Art In America

Critical Eye: Personal Boundaries

The traveling exhibition “Art AIDS America,” opening this summer at the Bronx Museum, finds renewed relevance in the culture wars of the 1980s and ’90s, especially the dual political-aesthetic strategies of the era’s most socially committed...

The Agenda: This Week in New York

A.i.A. editors suggest a few of the myriad events in New York this week: a discussion on trans literature at the New York Public Library; a conference on art, activism, and public space at the CUNY Graduate Center; a performance by Akio Suzuki at...

Whose Name Was Writ in Water

Robert Gober's recent retrospective at New York's Museum of Modern Art prompts expansive reflections on the legacy of the readymade, the nature of obscenity and the poetics of plumbing.     

Identity Crisis

This month, A.i.A. examines the creative economy that links contemporary art and graphic design.    

Young Incorporated Artists

With slick corporate identities and digital media savvy, emerging artists are mimicking—all too closely—established forms of cultural power. 

The Agenda: This Week in New York

A.i.A. editors suggest a few of the myriad events taking place this week in New York: a discussion of curatorhood at the Jewish Museum; a conference on artistic collaboration at The New School; a roundtable on Warhol at Columbia; First Saturday...

Timeline: 100 Years of Art in America

Over the past century, Art in America has developed from a small specialized journal to a major voice in the rapidly changing contemporary art world. To celebrate the magazine's 100-year anniversary, we look back at the milestones that helped define...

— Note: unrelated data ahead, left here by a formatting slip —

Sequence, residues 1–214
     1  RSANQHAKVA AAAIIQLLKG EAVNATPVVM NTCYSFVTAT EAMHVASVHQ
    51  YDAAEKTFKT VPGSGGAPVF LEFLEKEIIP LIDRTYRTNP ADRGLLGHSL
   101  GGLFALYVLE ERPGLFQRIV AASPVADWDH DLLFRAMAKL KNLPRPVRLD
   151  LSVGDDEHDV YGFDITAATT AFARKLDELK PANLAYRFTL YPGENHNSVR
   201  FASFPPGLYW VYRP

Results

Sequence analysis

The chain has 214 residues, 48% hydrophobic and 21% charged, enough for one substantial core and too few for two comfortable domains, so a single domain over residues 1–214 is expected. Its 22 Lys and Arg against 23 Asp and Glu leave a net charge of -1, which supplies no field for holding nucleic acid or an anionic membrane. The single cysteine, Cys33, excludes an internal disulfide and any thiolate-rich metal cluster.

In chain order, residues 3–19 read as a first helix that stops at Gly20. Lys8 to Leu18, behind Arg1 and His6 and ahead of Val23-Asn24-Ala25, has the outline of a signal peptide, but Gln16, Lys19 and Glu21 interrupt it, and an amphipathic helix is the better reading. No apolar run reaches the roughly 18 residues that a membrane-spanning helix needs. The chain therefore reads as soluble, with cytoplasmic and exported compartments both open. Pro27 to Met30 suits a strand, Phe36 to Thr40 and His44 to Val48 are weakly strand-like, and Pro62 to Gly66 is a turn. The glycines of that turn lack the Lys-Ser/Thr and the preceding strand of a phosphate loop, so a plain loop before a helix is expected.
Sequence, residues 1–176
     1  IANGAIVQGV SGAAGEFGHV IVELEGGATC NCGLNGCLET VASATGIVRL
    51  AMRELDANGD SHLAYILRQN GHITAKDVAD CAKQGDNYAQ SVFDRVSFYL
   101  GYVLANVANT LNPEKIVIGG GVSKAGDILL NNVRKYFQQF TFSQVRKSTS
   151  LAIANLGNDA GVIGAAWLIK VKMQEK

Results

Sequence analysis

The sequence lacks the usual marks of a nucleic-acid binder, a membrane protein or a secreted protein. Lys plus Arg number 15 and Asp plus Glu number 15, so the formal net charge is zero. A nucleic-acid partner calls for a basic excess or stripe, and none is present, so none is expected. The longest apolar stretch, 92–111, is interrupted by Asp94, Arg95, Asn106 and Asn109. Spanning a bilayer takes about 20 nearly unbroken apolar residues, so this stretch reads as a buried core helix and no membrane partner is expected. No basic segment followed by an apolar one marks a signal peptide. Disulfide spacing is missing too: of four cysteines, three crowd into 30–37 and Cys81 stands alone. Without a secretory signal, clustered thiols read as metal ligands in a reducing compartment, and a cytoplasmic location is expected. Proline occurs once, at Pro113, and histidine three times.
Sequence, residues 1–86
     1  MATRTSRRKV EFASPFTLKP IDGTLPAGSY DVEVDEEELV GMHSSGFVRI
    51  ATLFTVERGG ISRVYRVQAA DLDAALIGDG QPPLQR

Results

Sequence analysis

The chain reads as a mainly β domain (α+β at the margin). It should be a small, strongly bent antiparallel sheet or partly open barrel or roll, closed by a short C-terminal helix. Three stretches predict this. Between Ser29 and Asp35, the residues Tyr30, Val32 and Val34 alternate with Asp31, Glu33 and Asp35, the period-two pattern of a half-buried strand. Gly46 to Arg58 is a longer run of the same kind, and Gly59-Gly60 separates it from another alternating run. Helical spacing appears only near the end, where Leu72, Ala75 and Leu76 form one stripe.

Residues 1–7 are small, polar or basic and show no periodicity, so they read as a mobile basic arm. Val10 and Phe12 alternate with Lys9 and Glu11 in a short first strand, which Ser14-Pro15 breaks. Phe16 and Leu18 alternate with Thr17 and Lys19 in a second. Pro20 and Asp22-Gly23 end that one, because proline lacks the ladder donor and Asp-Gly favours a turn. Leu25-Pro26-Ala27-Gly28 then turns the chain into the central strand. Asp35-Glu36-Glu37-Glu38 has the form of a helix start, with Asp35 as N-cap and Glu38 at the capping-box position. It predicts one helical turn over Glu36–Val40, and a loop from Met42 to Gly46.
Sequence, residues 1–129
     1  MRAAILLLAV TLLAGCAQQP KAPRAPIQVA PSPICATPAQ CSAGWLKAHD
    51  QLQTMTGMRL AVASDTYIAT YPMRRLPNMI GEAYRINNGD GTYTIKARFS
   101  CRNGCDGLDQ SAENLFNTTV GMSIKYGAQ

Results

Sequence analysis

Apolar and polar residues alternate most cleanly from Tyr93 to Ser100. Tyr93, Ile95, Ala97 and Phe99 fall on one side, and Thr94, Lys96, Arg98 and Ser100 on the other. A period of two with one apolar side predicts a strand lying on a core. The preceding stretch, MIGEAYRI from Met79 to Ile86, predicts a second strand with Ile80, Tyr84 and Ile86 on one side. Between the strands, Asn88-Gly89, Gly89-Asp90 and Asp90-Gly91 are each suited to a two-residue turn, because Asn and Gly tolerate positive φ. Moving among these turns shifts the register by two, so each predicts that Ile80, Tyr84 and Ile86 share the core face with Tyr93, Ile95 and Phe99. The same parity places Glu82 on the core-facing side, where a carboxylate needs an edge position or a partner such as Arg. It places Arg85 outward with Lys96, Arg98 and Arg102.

From the Archives: No Regrets

An art critic looks back on the hard-won achievements of feminist art and the current state of its legacy.  

From the Archives: Poetics of the Drain

On the occasion of Robert Gober's retrospective at New York's Museum of Modern Art, A.i.A. delved into the archives. In our December 1997 issue, art historian David Joselit argued that Gober's invocation of Duchamp was even more sly than often...

From the Archives: Exhibiting Gender

In honor of Women's History Month, we looked back in our archives for this article by David Joselit from our January 1997 issue, in which Joselit appraises two exhibitions that approached the question of gender in different ways.

Issues & Commentary: Some American Notes

Assessing the current state of photography in Britain and in the U.S., the author discerns pernicious links among enterprise culture, art-world simulationism, and the homophobic attacks of neoconservative American art critics. 

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